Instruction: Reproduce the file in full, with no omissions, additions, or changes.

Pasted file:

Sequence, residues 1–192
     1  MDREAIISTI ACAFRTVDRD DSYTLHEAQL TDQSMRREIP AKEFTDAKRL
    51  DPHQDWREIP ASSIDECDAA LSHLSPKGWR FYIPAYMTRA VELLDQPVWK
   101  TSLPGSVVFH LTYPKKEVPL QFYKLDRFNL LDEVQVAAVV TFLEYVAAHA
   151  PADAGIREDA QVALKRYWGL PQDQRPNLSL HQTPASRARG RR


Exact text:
Sequence, residues 1–192
     1  MDREAIISTI ACAFRTVDRD DSYTLHEAQL TDQSMRREIP AKEFTDAKRL
    51  DPHQDWREIP ASSIDECDAA LSHLSPKGWR FYIPAYMTRA VELLDQPVWK
   101  TSLPGSVVFH LTYPKKEVPL QFYKLDRFNL LDEVQVAAVV TFLEYVAAHA
   151  PADAGIREDA QVALKRYWGL PQDQRPNLSL HQTPASRARG RR